By Ken George
December 19th, 2005
Given that many American museums fear controversy and distain art that lacks any commercial sex-appeal, it should come as no surprise that contemporary Palestinian art is hard to find. Thankfully, a smattering of shoe-string galleries across the country are accepting the challenge.
One of these cultural outliers is the Zeitgeist, a funky little gallery squeezed in among the cluster of shops and eateries in Cambridge’s Inman Square. Until the end of December, the gallery is home to a hodgepodge of ink drawings, woodcuts, silk screens and photographs by Palestinian artists.
The exhibit is currently traveling the country seeking sponsors and funds and in some instances — at least according to the currator, attracting some controversy. The individual works at the Zeitgeist are from larger collection that was shown at the Station Museum in Houston in 2003. And not surprisingly, many of the pieces touch on themes of longing and exile, occupation and resistance, but the mood is far less incidenary and more somber than I anticipated, and the scarcity of color makes it downright bleak at times.
Cutting through the bleakness is the work of Abdal Rahman Al Mozaye, the clear standout of the exhibition. The fludity of his clean, crisp ink on paper drawings resonate energy and vigor. In one of his illustrations, slingshot wielding children stand on either side of a women who grasps stalks of wheat and a key — presumably symbols of peace. It is a defiant, but not a crudely propagandistic, illustration that holds out hope for the future. Another standout is Jawad Ibrahime, who gives us bleakness and gloom in spades. His black and white illustrations are like anti-matter compared to Al Mozaye. The amorphous ink wash figures are bundles of despair and malevolence, and one untitled illustration resembles something ambling toward Hrothgar’s meadhall. And I’d be remiss If I failed to mention the late Mustafa Al Hallaj, who takes us on a detour to Africa. “Harvest and Famine in Africa” is a masonite cut; a spectacularly long, vertical panel populated with people and fantasmagoic creatures that could have sprung from any number of mythologies. His prodigous panels and detailed etchings are stunning and have earned him renown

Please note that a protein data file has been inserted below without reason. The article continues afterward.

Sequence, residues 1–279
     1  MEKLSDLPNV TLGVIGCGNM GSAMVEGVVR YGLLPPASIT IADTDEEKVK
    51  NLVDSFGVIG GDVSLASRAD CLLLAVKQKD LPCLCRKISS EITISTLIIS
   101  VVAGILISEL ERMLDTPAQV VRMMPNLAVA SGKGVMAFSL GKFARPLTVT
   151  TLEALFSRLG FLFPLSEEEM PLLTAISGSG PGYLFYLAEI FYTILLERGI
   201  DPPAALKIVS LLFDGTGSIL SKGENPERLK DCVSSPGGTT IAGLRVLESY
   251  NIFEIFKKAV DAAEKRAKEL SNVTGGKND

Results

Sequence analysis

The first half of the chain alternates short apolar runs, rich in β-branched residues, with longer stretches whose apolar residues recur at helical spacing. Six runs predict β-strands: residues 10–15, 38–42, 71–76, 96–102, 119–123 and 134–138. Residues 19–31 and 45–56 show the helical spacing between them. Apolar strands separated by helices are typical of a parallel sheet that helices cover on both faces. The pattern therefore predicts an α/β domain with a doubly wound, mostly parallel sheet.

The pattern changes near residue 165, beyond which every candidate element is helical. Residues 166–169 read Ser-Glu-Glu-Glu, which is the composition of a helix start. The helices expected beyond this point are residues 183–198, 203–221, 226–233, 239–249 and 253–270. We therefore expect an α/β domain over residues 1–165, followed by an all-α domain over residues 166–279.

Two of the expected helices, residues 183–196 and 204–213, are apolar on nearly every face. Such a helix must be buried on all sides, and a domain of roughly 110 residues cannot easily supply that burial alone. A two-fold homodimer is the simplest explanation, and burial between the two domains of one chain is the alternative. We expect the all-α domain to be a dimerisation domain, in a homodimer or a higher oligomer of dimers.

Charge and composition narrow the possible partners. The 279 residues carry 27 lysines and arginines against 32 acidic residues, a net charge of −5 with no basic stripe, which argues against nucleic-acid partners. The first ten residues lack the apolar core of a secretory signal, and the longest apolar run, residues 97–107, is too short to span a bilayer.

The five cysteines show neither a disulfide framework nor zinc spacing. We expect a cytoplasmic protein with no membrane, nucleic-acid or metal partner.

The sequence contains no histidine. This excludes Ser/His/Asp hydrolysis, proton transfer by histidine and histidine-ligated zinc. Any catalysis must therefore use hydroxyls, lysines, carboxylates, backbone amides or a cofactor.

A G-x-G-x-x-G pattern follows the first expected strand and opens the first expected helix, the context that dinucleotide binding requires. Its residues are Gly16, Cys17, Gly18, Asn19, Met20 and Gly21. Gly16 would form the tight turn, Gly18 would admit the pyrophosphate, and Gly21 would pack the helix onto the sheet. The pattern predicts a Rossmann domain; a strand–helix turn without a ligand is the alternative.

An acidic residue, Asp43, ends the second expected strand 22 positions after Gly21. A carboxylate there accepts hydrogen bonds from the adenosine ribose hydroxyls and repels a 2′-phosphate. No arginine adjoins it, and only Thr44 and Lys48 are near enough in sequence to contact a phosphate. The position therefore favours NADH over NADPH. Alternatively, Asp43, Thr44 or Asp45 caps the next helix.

throughout the Middle East.
For more information about some of these and other works by artists featured in the exhibit, I strongly recommend you visit the Station Museum’s “Made in Palestine” website. Click here for directions
to the Zeitgiest. They are not open every day, so make sure to call first before you go.